The doctrine is not stated directly in scripture but can be assumed logically from various sources in the New Testament; for example, Matthew 28:19 enjoins "Go therefore and make disciples of all the nations, baptizing them in the name of the Father and the Son and the Holy Spirit." Given the heavy Pauline influence on mainstream Christianity in the years between Christ's actual ministry and the Council of Nicea, it is easy to see why this particular passage (with its emphasis on the conversion of the gentiles) would prove to be so doctrinally evocative. But the Trinity is derived scripturally from the fact that the New Testament will continue to refer to God the Father in the manner of the Old Testament, while at the same time also referring to Jesus as God (as in "our great God and Saviour, Jesus Christ," Titus 2:13) and referring to the Holy Spirit as God (as when Saint Peter rebukes Ananias in Acts 5:3-5, equating his crime with lying to the Holy Spirit and therefore lying "before God"). To a certain degree, the Old Testament offers some confirmation of this conception of God as more than one person, as one of the Hebrew words used to refer to God in the Old Testament, "elohim," is itself a Hebrew plural. Of course the New Testament offers plenty of instances in which the Son and the Father are obviously clear and distinct persons (e.g. John 3:16) and the preponderance of these is taken to be a way of distinguishing between these different aspects of the divine. Yet ultimately, as Grudem notes, the Trinity serves as a kind of focus for mystical contemplation:
But if each person is fully God and has all of God's being, then we also should not think that the personal distinctions are any kind of additional attributes added on to the being of God . . . Rather, each person of the Trinity has all of the attributes of God, and no one Person has any attributes that are not possessed by the others. On the other hand, we must say that the Persons are real, that they are not just different ways of looking at the one being of God...the only way it seems possible to do this is to say that the distinction between the persons is not a difference of 'being' but a difference of 'relationships.' This is something far removed from our human experience, where every different human 'person' is a different being as well. Somehow God's being is so much greater than ours that within his one undivided being there can be an unfolding into interpersonal relationships, so that there can be three distinct persons.[footnoteRef:4] [4: Grudem, 253-4.]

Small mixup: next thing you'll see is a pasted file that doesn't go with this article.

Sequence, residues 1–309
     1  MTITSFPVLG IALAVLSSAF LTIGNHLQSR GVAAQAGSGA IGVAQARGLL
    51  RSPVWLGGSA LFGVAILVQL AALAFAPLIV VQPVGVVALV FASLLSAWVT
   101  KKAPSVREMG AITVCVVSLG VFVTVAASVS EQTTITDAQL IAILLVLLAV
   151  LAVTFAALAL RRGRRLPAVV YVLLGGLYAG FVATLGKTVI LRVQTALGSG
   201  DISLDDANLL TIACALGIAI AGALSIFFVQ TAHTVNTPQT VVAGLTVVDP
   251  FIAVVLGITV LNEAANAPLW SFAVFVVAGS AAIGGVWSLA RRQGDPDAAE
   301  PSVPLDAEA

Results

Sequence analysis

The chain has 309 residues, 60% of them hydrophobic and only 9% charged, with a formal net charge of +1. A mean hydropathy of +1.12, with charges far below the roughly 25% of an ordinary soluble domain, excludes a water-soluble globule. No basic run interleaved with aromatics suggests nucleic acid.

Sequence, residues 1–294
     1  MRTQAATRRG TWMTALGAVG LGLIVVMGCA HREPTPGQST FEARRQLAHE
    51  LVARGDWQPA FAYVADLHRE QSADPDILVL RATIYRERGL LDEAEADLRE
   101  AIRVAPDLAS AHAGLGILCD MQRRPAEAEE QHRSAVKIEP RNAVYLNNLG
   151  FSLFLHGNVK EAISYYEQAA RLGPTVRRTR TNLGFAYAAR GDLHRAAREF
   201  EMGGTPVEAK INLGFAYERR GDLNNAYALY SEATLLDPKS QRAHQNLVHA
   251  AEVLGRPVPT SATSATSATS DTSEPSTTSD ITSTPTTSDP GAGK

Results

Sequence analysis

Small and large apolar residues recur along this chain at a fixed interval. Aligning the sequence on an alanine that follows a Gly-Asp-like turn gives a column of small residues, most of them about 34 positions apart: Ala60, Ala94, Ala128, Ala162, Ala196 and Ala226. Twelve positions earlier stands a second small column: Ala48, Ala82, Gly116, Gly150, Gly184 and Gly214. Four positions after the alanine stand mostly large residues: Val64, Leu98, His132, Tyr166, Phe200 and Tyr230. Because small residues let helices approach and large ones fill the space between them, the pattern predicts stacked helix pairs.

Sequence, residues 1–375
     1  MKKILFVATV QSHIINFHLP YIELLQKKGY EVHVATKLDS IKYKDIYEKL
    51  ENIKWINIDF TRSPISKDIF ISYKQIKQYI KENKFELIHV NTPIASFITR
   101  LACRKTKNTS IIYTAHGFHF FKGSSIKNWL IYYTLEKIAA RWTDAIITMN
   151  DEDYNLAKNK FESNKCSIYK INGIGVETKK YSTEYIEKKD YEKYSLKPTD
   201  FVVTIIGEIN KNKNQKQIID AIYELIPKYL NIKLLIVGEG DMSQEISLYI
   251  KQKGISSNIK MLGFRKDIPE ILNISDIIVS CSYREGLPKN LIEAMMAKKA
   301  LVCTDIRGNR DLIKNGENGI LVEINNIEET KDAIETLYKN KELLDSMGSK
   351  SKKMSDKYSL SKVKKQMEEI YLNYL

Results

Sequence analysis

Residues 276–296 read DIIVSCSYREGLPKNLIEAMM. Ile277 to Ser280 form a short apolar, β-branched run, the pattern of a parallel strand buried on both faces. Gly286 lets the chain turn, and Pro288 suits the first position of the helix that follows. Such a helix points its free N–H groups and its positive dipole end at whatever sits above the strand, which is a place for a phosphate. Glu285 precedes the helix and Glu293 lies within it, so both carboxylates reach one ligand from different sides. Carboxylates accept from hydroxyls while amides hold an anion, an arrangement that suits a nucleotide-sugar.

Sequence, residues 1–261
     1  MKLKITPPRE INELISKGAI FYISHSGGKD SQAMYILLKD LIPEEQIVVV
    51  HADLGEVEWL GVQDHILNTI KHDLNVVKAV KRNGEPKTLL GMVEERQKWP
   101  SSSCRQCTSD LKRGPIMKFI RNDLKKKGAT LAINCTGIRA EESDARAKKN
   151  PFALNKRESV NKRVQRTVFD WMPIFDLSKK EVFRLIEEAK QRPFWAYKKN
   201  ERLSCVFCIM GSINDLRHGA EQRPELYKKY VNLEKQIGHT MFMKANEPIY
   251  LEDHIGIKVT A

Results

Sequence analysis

Gruden might have summarized this more succinctly with Tertullian's credo quia absurdum, but the point is clear. The triune nature of the Trinity is, in itself, a sort of religious mystery.
The initial case against the Trinity was stated at the Council of Nicea by Arius, who held that if God the Father begat God the Son, then the status of being "begotten" automatically entailed a time before existence, and therefore the Son was created ex-nihilo. The introduction of the concept of "homoousia" was intended to cover the various stances held by Arius and his followers, which concluded therefore that the Son was in some way of a different or lesser substance than the Father as a result. But it is important to note the implications of the doctrine of the Trinity upon the rest of Christian doctrine. If God the Father demands the sacrifice of his own Son to redeem mankind from sin, then a strict Arian conception -- in which God the Father is also greater than and somehow different ontologically from the Son -- makes the Crucifixion seem like the central event in a rather crude human-sacrifice cult, and defines God as a sort of tyrant. This seems like the central reason why mainstream Christianity would hold to the doctrine of the Trinity without serious challenge until the Reformation. The major theologians of the Reformation, as noted, were all firmly Trinitarian. To find a theologian whose views are willing to deny the doctrine of the Trinity, we must turn to Michael Servetus. Servetus is famously conceived of in modernity as having been a sort of protomartyr to science (in the same vauge way as Giordano…